"Though she be but little, she is fierce."
The morning that we took Grace home from that hospital, she was barely six pounds. Her car seat threatened to swallow her whole, and she was so tiny that I was panicked over how the hospital could possibly let us take her home.
Didn't they know that neither of us knew anything about babies? We had no idea how to bathe a baby or breastfeed or bottle feed or deal with that scary belly button? We didn't know how to hold a baby or change diapers or swaddle or any of the stuff that you were obviously supposed to know- we knew puppies and kittens and how to tie our shoelaces, but not much more. I remember feeling like a nurse would surely notice that our friends had wheeled me out in a wheelchair with this precious cargo and come to snatch Grace out of our amateur hands.
They didn't. And she survived. Maybe even thrived, although we are too close to tell yet- that is one for the history books.
And here we are, eighteen years later. My Grace is still little, and she is indeed fierce. She is a little blonde whirlwind; she is my heart walking about freely in the world. Even as I still know every freckle and every scar down to the little one under her eyebrow, I realize that she is creating her own world, full of scars and freckles that I will not know.
We have raised, through all of our mistakes and inexperience, an amazing human being. She is wild and messy and flits from one experience to the next. But in her meanderings, she will search out the kid who needs a hug or kind word, stand up for the underdog, fight for what she needs to fight for, and keep trying to be the light. If a friend is broken and hurting, she will invite him into her world to remind him that he is loved. My Grace will talk someone out of driving drunk and pick them up, knowing full well that they will be sick but safe in her car. She will share her lunch with the kid who doesn't have lunch, and feel it is her mission to save every puppy/kitten/cat/dog in the world.
She will make many mistakes along the way, but that is what happens when you are a kid. You learn, and move on.
For you, Miss Grace, I wish the sun and the moon and the stars. I wish that you continue to be a fighter, and get back up every time you fall. I wish that you keep your fierceness always, because you are stronger than anyone I know. I wish that you keep your heart and arms open, so that you can experience all sorts of wonders on your path. I wish happiness and wisdom and as many puppies and kittens as you can hold. I wish that you keep learning from every experience. I wish that you continue to be the Graciest Grace you can be.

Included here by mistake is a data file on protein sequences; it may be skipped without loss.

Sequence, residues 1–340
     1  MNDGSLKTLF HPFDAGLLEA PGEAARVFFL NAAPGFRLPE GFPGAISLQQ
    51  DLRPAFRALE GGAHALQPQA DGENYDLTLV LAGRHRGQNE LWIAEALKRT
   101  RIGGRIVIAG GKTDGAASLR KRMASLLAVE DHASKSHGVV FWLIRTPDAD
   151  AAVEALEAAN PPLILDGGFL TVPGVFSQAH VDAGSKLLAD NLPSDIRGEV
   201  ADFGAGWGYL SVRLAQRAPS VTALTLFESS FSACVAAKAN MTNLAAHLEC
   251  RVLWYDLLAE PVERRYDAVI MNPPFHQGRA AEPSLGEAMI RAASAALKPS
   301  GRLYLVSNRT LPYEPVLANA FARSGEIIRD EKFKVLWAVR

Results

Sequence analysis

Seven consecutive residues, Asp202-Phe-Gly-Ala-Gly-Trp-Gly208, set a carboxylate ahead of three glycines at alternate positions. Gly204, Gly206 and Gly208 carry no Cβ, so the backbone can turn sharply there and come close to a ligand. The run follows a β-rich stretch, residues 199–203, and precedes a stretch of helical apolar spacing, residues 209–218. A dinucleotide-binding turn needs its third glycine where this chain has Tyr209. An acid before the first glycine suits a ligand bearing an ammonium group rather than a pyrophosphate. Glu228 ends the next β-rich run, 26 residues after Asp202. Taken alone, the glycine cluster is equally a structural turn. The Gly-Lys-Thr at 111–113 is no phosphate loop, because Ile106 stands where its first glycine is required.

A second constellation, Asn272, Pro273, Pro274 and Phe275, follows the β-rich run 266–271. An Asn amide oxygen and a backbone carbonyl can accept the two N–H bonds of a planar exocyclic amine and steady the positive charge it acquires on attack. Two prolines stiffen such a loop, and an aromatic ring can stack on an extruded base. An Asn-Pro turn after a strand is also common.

Happy Birthday, cupcake. Peace and love and bonfires and chocolate, XOXO.
Wednesday, June 8, 2016
As the mother of both a teenage daughter and a teenage son, I have a jumble of emotions about this verdict and how it has played out in our media.
I am so sad for the woman who has to learn to live with and heal from a trauma that she saw splashed across headlines.
I am mad that a judge thought that six months was an adequate punishment for rape. RAPE. Homeless people get longer sentences than that for lying on sidewalks in certain cities in California.
I am relieved that there are good men, brave men, who see an assault occurring behind a dumpster, and know that they have the power to help an unconscious woman and to catch a rapist.
And I am fearful for my kiddos, even as I trust that I am raising good and brave people. I want to tell them that yes, YES, you should feel safe to make stupid decisions like drinking one glass too many of hard punch at a college party and be safe. You should be safe wearing whatever dress or skirt you want to wear, without fear that someone will see that as an invitation.
You should be safe, and you should be able to trust those around you to help you, and not hurt you. "Should" is the operative word here, because "should" and "are" are very different things. You will not always be safe, because there are bad people waiting to catch you at a weak or vulnerable moment. Bad people don't always look like the bogeyman on TV; they often look like the cute swimmer or that guy in your class. Bad people can be charming- they might be more than happy to refill your glass or get you another drink.
I wish safety and security for you as you do silly teenage things and find your way. But I also wish for you the ability to be wise and try to avoid situations that can be unsafe for you, so that you never wake up to the horrors of pine needles in your hair and a rape kit on your mind. And even more than that, I wish and want you to be the helpers, the brave ones, who help take care of others. If you see something wrong, stop it. Use your voice, dial 911, kick and scream, do whatever you need to do, so that you are the light and the helpers that we need in the world.
My favourite blogger, Glennon Melton Doyle, talks about rape culture, and what we need to teach our kiddos. She talks about getting consent every time you want to hug or kiss- "we ask people's permission to pet their dogs every time, so why wouldn't we ask permission to pet each other?!"
Ask permission. Get permission. Respect if someone says no. Respect if they say yes. Respect if they say yes, but then change their mind. If you don't want to give permission, don't. Even if you said yes yesterday. Remember that your body is yours. Respect yours and respect others.
Hard but important talks need to be had. I know I will have them with my monkeys, even if I would rather talk about our dogs or summer vacation. I want them to think about staying safe and strong, and helping others to do the same.
Peace and love and respect and light, buttercups. XOXO